September 2011
Volume 11, Issue 11
Vision Sciences Society Annual Meeting Abstract  |   September 2011
Seated, standing, and stepping: Is the size of the useful field of view constant?
Author Affiliations
  • James Reed-Jones
    Psychology, College of Social and Applied Human Sciences, University of Guelph
  • Rebecca Reed-Jones
    Kinesiology, College of Health Sciences, University of Texas at El Paso
  • Mark Hollands
    School of Sport and Exercise Sciences, University of Birmingham
Journal of Vision September 2011, Vol.11, 106. doi:
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      James Reed-Jones, Rebecca Reed-Jones, Mark Hollands; Seated, standing, and stepping: Is the size of the useful field of view constant?. Journal of Vision 2011;11(11):106.

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      © ARVO (1962-2015); The Authors (2016-present)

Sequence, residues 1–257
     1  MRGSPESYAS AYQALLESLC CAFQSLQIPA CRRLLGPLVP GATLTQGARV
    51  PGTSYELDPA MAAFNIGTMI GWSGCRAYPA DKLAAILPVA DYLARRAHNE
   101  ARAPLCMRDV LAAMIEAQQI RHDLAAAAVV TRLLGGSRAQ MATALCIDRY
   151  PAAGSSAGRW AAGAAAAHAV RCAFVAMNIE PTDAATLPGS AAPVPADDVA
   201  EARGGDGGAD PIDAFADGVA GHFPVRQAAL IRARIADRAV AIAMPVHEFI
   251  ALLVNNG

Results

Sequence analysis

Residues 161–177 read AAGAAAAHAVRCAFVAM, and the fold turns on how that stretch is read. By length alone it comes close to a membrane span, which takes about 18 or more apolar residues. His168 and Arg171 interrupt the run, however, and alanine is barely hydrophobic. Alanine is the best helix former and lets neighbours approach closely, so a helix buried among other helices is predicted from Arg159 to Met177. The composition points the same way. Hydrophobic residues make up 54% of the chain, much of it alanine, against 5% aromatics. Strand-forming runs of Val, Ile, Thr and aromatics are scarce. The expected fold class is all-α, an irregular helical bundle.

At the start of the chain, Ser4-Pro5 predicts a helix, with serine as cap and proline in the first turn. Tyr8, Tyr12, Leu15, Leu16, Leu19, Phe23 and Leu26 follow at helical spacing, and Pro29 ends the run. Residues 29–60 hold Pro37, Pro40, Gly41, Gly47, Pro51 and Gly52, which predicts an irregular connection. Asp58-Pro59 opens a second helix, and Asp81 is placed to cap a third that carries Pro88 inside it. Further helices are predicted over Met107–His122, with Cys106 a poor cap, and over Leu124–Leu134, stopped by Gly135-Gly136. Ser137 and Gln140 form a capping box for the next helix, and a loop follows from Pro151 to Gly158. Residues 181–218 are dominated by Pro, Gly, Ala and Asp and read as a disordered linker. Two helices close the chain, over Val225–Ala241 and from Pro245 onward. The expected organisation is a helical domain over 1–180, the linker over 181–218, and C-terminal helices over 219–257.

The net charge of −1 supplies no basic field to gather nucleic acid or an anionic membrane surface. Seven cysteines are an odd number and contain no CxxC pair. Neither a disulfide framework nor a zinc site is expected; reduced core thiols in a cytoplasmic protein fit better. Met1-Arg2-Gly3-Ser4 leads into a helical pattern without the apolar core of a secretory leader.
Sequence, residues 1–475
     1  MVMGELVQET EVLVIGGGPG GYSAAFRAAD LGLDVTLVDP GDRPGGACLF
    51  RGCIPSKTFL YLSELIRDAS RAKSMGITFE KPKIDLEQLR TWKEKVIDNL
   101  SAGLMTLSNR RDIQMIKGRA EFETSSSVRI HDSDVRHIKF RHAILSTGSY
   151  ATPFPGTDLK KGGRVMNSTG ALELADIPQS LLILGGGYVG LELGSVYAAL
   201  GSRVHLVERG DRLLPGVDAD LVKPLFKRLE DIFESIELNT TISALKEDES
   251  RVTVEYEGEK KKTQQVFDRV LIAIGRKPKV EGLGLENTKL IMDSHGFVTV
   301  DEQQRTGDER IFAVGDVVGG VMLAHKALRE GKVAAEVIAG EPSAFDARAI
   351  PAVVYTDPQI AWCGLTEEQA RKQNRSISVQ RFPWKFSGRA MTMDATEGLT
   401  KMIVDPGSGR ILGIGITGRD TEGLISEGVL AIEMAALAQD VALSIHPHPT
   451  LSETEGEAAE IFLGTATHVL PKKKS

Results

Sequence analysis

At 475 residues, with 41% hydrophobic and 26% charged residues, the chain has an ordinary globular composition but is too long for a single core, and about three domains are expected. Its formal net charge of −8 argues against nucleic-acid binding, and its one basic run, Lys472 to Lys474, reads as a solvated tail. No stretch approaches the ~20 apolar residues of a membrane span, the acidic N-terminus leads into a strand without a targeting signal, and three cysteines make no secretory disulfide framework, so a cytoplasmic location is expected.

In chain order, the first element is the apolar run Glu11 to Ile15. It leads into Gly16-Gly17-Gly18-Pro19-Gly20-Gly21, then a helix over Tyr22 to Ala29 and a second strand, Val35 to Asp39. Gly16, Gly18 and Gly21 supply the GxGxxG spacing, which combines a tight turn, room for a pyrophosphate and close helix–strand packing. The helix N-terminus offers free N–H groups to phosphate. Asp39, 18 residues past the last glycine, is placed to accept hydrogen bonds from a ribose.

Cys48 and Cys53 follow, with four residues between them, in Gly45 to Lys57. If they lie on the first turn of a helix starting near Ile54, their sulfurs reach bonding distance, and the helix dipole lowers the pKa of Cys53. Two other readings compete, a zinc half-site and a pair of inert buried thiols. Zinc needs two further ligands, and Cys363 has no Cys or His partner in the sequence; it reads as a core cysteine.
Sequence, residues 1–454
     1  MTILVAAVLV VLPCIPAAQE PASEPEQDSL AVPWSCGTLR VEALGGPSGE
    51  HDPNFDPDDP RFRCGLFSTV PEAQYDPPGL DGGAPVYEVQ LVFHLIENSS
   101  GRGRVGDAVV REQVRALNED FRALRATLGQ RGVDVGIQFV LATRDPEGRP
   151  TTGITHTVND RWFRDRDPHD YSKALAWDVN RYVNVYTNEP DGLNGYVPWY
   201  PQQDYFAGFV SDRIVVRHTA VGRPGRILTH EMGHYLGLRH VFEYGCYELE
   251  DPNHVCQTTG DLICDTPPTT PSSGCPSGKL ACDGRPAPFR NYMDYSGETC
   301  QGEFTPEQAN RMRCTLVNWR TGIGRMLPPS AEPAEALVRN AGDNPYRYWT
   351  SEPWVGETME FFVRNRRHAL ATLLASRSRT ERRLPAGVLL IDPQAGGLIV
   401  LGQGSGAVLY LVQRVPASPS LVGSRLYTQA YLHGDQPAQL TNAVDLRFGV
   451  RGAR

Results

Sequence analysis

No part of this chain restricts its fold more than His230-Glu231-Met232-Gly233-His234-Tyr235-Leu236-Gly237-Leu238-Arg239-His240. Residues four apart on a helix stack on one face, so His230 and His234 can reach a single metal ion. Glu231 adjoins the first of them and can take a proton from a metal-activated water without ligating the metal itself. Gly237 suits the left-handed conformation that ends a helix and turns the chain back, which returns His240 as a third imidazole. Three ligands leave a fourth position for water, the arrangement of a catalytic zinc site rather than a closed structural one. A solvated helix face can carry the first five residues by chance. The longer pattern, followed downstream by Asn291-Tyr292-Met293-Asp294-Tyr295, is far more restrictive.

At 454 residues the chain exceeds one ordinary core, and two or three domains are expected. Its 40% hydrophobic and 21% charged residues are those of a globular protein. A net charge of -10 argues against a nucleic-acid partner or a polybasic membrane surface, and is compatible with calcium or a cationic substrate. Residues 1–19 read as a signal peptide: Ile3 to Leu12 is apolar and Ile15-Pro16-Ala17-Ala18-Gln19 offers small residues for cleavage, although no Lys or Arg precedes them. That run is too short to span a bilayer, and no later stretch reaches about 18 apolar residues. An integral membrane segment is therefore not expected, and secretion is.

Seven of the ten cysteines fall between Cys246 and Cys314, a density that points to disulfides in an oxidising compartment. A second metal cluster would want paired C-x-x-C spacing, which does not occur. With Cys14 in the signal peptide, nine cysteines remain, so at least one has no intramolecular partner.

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Useful Field of View (UFOV) is defined as the visual area from which information can be extracted at a brief glance. UFOV has been shown to correlate with vehicular crash risk, obstacle collisions, and propensity for falls. UFOV is normally tested while seated. This research examined the effects of both a change in posture and locomotion on UFOV performance. Ten participants were tested on a modified UFOV selective attention task while seated, standing, and stepping in place. The test consisted of a 67 ms simultaneous presentation of a letter (E, F, H or L) in the center of the screen and a black dot located at 57 degrees of eccentricity in one of eight possible locations encircling the central target (23 black rings were presented as distracters). This was followed by a 1 s masking field. The participants were then prompted for the letter identity and dot location. Participants were instructed to maintain central fixation throughout. Across all conditions participants had no difference in central target accuracy. However, a main effect of condition on peripheral target accuracy was found (p = .037). The mean accuracy reduced from 80.5% (standing) to 74% (seated) to 56.3% (stepping). Our findings show that a dynamic posture can affect UFOV selective attention performance in the periphery. Central processing was stable across all conditions, indicating that the decrease in peripheral accuracy while stepping was not due to inappropriate eye movements away from fixation. It does however indicate that whilst stepping, the size of the useful field of view significantly decreases, which affects peripheral performance. This finding has important implications for how the results of a UFOV test are used to evaluate the general size of the UFOV during varying activities, as the traditional seated test procedure may overestimate the size of the UFOV during locomotion.


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